Cluster load per se is not the focus of the current study, but it may be valuable to note that in control clusters, carrying about 100 berries in both cluster load treatments, HL resulted in a significant decrease in total weight, in weight of the normal berry fraction, and in the weight of single normal berry. There was also a significant increase in the shot berry percentage, but it was not accompanied by significant effects on the number of shot berries/cluster, shot berry fraction and weight of a single shot berry. This data suggest that cluster load is effecting cluster and berry size, as expected, but may have a less pronounced effect on shot berries development.
We propose the following hypothetical scenario to explain our findings. Inflorescence can be described as a system with a single source, and a population of sinks of a similar nature and a given initial variability. Following fruit set, the size of the sinks population is fixed. When the number of the sinks is reduced, the total available assimilates may be greater than or equal to the level required for optimal development of a single sink. In such a case, initial variation between the sinks will not be reflected, and similar development of all sinks will commence. Accordingly, an increase in the number of sinks will naturally reduce the resources available for the development of the single sink. Once a certain threshold is exceeded, the initial variability among sinks will be expressed and result in the differential ability to import assimilates within the population. Moreover, the development of fruitlets with better initial ability to import assimilates will be faster, and lead to further escalation of competition due to further increase in their sink strength.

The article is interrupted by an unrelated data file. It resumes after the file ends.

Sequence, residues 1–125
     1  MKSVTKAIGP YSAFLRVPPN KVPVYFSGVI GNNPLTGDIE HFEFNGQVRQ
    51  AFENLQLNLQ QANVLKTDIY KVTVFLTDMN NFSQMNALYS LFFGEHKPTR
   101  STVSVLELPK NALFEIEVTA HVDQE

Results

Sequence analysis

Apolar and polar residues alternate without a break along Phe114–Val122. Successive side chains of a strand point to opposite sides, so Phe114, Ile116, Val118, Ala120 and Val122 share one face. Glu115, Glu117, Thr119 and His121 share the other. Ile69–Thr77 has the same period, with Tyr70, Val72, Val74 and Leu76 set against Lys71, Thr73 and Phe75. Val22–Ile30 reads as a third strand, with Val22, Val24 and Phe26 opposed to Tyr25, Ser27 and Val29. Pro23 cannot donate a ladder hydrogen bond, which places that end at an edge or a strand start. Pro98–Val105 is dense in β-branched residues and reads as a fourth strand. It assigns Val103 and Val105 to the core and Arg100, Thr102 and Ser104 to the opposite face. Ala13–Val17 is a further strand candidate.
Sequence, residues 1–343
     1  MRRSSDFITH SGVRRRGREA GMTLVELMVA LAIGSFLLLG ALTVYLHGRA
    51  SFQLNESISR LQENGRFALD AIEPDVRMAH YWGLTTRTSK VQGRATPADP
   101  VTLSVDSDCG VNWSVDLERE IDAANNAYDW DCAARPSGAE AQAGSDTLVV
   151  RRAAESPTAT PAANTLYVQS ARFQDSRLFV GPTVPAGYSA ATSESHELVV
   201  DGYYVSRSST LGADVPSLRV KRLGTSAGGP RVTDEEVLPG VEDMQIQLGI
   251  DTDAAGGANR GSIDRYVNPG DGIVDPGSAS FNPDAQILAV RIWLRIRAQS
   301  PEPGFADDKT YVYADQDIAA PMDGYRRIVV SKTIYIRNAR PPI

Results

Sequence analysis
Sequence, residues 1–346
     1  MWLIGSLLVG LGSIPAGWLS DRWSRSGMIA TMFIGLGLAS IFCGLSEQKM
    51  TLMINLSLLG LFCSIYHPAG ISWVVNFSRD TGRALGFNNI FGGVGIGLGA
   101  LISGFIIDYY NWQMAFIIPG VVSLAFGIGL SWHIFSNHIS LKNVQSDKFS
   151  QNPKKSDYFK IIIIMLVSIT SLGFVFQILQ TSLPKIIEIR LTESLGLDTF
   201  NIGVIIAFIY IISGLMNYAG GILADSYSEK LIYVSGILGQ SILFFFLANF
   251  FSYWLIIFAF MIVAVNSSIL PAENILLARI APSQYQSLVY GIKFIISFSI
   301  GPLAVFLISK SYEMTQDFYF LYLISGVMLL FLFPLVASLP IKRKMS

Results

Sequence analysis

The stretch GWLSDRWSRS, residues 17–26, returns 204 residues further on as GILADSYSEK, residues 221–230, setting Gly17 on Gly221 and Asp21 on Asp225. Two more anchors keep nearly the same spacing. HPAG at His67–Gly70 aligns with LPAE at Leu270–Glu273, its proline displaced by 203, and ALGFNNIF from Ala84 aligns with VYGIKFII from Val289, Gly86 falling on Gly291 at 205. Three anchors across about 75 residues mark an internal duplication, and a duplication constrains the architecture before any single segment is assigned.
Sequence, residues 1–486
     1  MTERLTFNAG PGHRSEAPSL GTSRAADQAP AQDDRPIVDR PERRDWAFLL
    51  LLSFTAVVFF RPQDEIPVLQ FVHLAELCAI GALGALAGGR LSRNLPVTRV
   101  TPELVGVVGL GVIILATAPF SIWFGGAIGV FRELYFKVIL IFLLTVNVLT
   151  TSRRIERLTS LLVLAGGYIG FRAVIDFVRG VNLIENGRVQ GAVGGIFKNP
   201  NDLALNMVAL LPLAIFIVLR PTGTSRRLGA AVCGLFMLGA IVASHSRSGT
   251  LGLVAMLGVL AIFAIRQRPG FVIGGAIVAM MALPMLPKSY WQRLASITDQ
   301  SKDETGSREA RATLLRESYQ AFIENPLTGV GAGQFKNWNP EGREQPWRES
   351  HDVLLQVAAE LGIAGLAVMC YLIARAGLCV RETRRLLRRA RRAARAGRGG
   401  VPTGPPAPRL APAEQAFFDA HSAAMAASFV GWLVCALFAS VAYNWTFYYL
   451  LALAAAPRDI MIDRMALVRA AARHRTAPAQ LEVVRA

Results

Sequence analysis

Exposure to GA may affect the scenario on two levels. Primarily, GA will increase the final number of fruitlet sinks developed from a given flower population by increasing the percentage of fruit set. Additionally, the demonstrated ability of GA to encourage translocation of assimilates to fruitlets39 may exacerbate competition among fruitlets with an initial difference in assimilates import abilities. The decreased weight of shot berries in response to increased GA concentration (Fig. 1b), despite the similarity in shot berry fraction size, supports such a scenario. Understanding the nature of the variability within the flower population that drive differential development of fruitlets under high-load conditions is an exciting future challenge.
Materials and methods
Most of the experiments were carried out with V. vinifera cv. Early Sweet. Field experiments were carried out using mature vines (8–10 years old) grafted on Richter, located at a commercial vineyard in Petahya, Judea plains, and Israel (32°52′09.5″N and 34°53′16.1″E). The vines were spaced 3 m within rows and 1.5 m between rows, grown on heavy soil with drip irrigation, trained on a Y-shaped trellis on a bilateral cordon. The vineyard was subjected to all the standard cultural practices. Other experiments were conducted with cvs. Thompson Seedless, Black Finger, and Spring Blush that are grown in vineyards located at Petacya, Lachish, and Avigdor, respectively, and similar details apply.